Batwing exercise efficiently strengthens your back

When you hear someone refer to “batwings” at the gym, you might assume they’re referring to someone’s upper arm as a derogatory reference. But this term is a name for one of the most effective bodyweight exercises you can do.

What is it? Lying on your back with your elbows by your sides, you put your weight on your elbows to lift your chest and head off the ground.

It’s that simple. And it targets several muscles in the back of your body: rhomboids (upper back), trapezius (lower back), latissimus dorsi (back), rear deltoids (shoulders), and triceps (upper arms), and your core. Talk about getting a solid return for your time spent stressing.

This is especially useful because, in a world where most of us focus more on the muscles in the front of our body, our posterior chain is often neglected. “We exercise a lot on the front muscles of our body, mainly because that’s the most common direction we move and because that’s what we see when we look in the mirror,” says Danica Osborne, a certified personal trainer and Lifetime Group Training Coach. To elevate, reduce muscle imbalances, prevent back pain, and optimize athletic performance, we must be careful not to neglect our posterior chain.”

The best way to work the batwing into your workout repertoire is to work on a few different variations of the move. This not only spices things up but also keeps your muscles on their toes: you create a new stimulus by changing the correct movements, resulting in muscle adaptation and progression over time. Variation can help prevent overuse injuries. Here are four batting variations that Osborne recommends you rotate regularly if you have access to equipment like resistance bands, TRX straps and a cable machine.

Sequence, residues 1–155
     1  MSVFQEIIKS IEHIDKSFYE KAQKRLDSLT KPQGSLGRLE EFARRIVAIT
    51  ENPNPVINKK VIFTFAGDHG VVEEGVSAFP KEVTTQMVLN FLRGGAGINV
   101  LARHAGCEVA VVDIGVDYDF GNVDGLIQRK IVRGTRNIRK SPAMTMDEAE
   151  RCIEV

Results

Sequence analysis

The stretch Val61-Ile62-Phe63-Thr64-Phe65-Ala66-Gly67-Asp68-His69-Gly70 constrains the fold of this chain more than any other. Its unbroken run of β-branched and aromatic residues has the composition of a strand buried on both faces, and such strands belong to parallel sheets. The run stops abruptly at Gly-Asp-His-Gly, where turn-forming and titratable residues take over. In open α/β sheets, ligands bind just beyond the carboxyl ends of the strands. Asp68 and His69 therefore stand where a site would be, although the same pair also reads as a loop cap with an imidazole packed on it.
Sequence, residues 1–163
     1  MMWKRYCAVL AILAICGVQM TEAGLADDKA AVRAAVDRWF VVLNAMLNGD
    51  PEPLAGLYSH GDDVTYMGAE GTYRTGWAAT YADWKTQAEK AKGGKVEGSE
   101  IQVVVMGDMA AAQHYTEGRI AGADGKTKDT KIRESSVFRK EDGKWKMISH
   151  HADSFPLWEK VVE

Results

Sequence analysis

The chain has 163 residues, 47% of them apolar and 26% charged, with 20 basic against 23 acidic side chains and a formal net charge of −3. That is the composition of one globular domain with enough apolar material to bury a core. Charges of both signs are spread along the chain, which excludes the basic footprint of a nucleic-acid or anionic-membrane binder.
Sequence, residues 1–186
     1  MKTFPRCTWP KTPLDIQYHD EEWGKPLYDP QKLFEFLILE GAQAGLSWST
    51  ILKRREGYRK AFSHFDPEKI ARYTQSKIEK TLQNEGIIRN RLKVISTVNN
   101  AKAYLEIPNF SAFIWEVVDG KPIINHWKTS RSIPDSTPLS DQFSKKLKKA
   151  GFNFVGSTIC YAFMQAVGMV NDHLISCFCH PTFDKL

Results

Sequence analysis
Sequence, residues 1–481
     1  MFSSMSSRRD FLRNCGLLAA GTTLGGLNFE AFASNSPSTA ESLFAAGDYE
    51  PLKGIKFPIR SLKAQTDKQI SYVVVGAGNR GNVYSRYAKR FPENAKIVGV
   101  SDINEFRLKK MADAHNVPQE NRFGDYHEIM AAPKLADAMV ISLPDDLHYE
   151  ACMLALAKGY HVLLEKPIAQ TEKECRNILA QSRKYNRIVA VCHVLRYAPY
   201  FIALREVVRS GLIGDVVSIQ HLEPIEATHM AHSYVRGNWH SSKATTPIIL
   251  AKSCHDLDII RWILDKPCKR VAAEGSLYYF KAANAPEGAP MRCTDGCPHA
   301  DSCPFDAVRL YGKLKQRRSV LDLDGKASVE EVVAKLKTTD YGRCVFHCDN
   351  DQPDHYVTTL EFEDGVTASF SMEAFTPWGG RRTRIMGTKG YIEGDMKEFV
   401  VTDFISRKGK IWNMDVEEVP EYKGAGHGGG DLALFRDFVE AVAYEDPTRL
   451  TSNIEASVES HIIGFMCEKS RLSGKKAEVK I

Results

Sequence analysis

Try these batting variations

Osborne recommends doing three sets of 10 repetitions for each of these.

Standard batting

  1. Lie flat on your back.
  2. Pressing into your elbows, lift your shoulders and lift your head off the mat. Keep your chin away from your chest and roll your shoulders back and down. Make sure your heels stay on the floor.
  3. Pause for one to two seconds at the top before slowly returning to the starting position.

“If you notice that your abdominal muscles are burning when you batwing, a great way to correct this movement is to lift your feet off the floor and bend your knees at a 90-degree angle,” says Osborne.

V-seat resistance band pulldown

  1. Loop a resistance band around a pull-up bar or other secure structure.
  2. Grab each end of the resistance band, then sit under it in a V-position (feet off the floor).
  3. Pull the band toward you while in the V-position.
  4. Pause for one to two seconds before returning to the starting position.

TRX high row

  1. Grab the TRX handles and lean back with your back and legs straight and heels firmly planted on the ground. Hold the palm facing down.
  2. Pull yourself toward the cables with your elbows in line with your shoulders.
  3. Pause for one to two seconds before slowly returning to the starting position.

“To reduce the intensity of this move, walk your feet back,” explains Osborne. “That way, the TRX cables carry less weight as you row.”

Seated lat pulldown

  1. Set a cable in the highest position before sitting or kneeling on the ground. Use a rope wire attachment that you can hold with both hands.
  2. Grab the rope then sit in a reclined V-position with your feet and glutes on the floor.
  3. Pull the rope toward your chest while pointing your elbows back and down.
  4. Pause for one to two seconds before carefully returning to the starting position.

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